To describe Limbo in great detail would be a huge disservice to gamers. What makes Limbo so mesmerizing is its mysterious quality: the game simply begins, and continues. The abstract narrative is told simply through the journey; don't expect long Jonathan Blow-esque prose throughout. Presented in black and white and silence, Limbo's simplistic style carries a foreboding atmosphere unlike any other game. It's gorgeous, with detailed animations giving life to every object in the world. Were it not for its interactivity, one might be hard pressed not to think it's a painting.
Limbo offers players little direction, nor does it need to. A GUI would ruin the simple beauty of developer Playdead's project. The controls will be immediately familiar to most gamers: A to jump and X to grab. It may seem a bit too simplistic, but Limbo offers some rather unique puzzles that take advantage of the environment in unusual and unexpected ways. Timing and precision is a necessity -- as is repetition, with death an unavoidable part of the gameplay. Traps, enemies, and pitfalls will make this a perilous journey, and the graphic depictions of death will keep you uncomfortable and on edge for hours.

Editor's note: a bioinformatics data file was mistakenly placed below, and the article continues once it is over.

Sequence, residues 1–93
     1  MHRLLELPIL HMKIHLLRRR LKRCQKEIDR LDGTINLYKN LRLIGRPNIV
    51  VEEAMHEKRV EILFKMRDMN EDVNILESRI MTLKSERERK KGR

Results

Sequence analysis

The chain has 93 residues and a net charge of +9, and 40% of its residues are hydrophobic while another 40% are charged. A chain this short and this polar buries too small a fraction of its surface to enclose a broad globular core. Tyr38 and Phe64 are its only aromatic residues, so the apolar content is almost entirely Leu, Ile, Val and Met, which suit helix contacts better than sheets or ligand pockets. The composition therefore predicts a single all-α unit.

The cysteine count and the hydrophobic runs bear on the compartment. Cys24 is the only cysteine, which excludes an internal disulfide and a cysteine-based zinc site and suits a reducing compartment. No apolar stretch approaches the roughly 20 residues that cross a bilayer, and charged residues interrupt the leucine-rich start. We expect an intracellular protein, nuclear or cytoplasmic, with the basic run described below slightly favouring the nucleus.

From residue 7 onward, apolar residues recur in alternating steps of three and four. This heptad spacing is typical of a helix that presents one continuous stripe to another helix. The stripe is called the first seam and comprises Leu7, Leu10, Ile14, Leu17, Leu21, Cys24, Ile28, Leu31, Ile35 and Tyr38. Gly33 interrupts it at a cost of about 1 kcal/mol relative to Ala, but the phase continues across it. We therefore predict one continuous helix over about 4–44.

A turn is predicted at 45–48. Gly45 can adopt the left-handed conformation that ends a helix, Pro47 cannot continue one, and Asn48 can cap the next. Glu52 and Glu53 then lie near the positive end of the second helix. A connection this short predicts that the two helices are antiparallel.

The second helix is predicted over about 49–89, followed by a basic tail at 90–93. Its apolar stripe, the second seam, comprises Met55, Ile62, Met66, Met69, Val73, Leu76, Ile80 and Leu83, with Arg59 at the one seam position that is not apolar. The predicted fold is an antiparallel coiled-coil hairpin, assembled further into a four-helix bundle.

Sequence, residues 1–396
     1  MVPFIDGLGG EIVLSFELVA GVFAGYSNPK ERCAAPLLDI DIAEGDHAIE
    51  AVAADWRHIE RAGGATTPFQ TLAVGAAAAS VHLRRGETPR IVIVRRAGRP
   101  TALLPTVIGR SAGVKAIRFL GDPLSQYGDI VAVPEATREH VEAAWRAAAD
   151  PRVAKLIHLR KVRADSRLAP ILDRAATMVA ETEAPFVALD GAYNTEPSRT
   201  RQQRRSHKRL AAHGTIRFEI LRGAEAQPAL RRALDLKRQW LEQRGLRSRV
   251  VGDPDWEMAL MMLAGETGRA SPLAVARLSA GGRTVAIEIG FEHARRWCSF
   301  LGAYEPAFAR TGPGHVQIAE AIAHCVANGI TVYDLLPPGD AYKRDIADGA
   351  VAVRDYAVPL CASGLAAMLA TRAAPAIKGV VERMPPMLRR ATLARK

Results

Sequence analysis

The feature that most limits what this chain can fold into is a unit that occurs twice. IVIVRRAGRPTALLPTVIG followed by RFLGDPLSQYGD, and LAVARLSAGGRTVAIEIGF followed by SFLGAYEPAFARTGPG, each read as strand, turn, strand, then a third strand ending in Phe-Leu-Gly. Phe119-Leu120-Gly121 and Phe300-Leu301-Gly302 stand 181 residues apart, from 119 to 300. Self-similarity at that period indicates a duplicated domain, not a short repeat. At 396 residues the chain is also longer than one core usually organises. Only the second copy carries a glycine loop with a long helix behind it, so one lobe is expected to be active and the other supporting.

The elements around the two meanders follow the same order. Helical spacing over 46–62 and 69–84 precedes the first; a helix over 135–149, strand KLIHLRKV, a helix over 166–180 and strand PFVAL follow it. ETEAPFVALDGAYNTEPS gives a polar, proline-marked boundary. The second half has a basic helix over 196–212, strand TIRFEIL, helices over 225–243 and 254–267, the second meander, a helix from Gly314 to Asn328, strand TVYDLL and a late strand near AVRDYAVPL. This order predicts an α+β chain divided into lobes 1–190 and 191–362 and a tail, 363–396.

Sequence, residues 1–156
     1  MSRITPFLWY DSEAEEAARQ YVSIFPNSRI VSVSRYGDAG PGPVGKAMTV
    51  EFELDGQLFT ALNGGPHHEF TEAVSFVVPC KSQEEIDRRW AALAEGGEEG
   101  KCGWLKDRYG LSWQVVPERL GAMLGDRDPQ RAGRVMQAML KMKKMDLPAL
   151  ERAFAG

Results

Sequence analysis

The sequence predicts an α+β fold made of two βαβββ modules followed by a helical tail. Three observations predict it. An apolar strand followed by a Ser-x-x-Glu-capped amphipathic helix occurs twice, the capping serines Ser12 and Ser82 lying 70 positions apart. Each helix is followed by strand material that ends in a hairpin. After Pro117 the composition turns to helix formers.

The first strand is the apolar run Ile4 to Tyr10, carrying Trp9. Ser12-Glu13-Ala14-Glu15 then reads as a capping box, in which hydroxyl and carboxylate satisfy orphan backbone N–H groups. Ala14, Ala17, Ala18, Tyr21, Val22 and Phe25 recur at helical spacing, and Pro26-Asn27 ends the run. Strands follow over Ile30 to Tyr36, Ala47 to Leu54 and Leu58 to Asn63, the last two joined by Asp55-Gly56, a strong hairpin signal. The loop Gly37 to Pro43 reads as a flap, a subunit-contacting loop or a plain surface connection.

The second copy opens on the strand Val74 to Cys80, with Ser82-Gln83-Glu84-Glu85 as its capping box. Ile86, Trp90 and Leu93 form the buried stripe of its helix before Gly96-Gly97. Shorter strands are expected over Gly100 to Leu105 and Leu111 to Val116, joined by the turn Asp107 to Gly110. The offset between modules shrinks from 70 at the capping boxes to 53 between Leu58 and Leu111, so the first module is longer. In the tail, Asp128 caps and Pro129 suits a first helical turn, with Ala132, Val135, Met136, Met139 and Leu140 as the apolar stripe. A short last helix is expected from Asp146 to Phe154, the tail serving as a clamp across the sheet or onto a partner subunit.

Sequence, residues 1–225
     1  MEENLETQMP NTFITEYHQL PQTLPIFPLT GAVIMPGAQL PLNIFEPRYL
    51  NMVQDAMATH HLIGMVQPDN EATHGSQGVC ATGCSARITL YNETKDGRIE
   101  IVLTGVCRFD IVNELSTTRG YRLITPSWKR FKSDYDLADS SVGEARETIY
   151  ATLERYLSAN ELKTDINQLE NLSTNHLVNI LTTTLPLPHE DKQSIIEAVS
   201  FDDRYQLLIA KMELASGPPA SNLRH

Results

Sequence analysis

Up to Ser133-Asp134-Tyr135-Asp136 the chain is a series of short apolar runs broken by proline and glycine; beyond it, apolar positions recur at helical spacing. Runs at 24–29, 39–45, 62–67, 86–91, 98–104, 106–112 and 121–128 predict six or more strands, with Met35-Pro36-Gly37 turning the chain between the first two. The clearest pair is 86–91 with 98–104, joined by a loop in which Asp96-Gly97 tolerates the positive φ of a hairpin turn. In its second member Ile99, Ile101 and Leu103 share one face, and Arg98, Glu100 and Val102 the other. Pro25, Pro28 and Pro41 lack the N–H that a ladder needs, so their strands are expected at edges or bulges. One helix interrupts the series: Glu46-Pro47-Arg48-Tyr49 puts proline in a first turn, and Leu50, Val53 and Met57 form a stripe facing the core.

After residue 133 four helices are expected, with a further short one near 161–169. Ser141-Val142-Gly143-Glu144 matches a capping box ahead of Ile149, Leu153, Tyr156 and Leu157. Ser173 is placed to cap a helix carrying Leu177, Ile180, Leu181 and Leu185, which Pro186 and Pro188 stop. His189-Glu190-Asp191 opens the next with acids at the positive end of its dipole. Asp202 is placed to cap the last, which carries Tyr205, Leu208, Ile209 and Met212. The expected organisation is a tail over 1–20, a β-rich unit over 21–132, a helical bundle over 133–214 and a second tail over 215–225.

It was hard to resist the urge to continue playing through the entire adventure. While I found myself stuck at a few devilish puzzles, I never found myself too frustrated to go on. Limbo is a gorgeous game that explores emotions so rarely found in games: not just terror, but a distinct sense of helplessness and longing.